Monday, January 4, 2010

To the Jew First: The Throne of David

One Jewish objection to the claims of Christianity has to do with Jesus' ancestry, as it relates to His having been born of Mary, the virgin. First, generally accepted Messianic prophecies include that He would be a descendant of David (2 Samuel 7:12-16, Psalm 89), and thus qualify to sit upon David's throne. Joseph's lineage was traced through David, but Joseph was not Jesus' biological father, and so Jesus cannot be said to be a descendant of David. Second, the Messiah was to be of the tribe of Judah (Isaiah 11:1, Micah 5:2), and again, though Joseph was affiliated with this tribe, his adopted son, Jesus, would not have been. Therefore, Jesus' lineage does not meet the requirements for holding the throne of David, and thus He is disqualified as the Messiah.

What is the Christian to make of this argument? Should we, in fact, rethink our decision to put our faith in Jesus since the Davidic throne and affiliation with the tribe of Judah could only have been passed on through Joseph, who is not Jesus' biological father?


In Matthew 1:6-16 we're explicitly told Joseph's ancestry, beginning with King David and his father (verse 1) and ending with, "Jacob was the father of Joseph the husband of Mary, by whom Jesus was born, who is called the Messiah." In Luke 3:23-38 it seems as though Joseph's lineage is repeated since it begins with, "When He began His ministry, Jesus Himself was about thirty years of age, being, as was supposed, the son of Joseph..." However, when one closely examines these genealogies, one discovers that they are quite different.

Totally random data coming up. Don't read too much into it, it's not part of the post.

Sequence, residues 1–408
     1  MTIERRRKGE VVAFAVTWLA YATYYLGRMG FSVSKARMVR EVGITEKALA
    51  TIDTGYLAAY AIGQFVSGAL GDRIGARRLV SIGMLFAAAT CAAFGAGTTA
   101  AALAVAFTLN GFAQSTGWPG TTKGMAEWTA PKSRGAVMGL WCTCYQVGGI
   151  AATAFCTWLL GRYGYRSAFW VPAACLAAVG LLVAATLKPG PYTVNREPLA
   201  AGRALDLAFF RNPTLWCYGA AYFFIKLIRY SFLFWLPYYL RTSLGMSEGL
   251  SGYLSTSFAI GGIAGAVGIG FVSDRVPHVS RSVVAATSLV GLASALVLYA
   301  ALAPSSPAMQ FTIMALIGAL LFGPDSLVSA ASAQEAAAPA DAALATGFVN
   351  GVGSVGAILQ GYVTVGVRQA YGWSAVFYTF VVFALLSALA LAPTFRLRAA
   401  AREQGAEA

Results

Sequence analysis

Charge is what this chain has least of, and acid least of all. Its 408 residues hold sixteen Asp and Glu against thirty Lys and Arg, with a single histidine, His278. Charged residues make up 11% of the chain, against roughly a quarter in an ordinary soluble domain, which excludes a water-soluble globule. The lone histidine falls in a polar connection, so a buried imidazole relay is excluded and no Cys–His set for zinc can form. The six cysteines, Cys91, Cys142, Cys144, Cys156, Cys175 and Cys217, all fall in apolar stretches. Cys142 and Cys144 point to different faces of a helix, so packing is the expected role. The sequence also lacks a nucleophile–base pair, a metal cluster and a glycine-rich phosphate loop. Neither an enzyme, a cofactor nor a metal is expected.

In Matthew's gospel, Jesus' grandfather is Jacob; in Luke's, it's Eli. In the former case, Jesus' great grandfather is Matthan; in the latter case, Matthat. Matthew records Jesus' great-great grandfather as Eleazar; Luke records it as Levi. Continuing backward, these genealogies continue to be completely different. It is true that the phrase "the son of" often means "descendant of," and as such one of these two listings may be a subset of the other, but between David and Joseph, few of the names match up.

It is for this reason that Jesus' ancestry as recorded by Luke is likely that of His mother, Mary, not Joseph's. Note that it begins with, " was supposed, the son of Joseph." This hints that it is not truly Joseph's genealogy that Luke intends to communicate. In Matthew Henry's commentary on this passage, he wrote:

Matthew designed to show that Christ was the son of Abraham, in whom all the families of the earth are blessed, and that he was heir to the throne of David; and therefore he begins with Abraham, and brings the genealogy down to Jacob, who was the father of Joseph, and heir-male of the house of David: but Luke, designing to show that Christ was the seed of the woman, that should break the serpent’s head, traces his pedigree upward as high as Adam, and begins it with Ei, or Heli, who was the father, not of Joseph, but of the virgin Mary.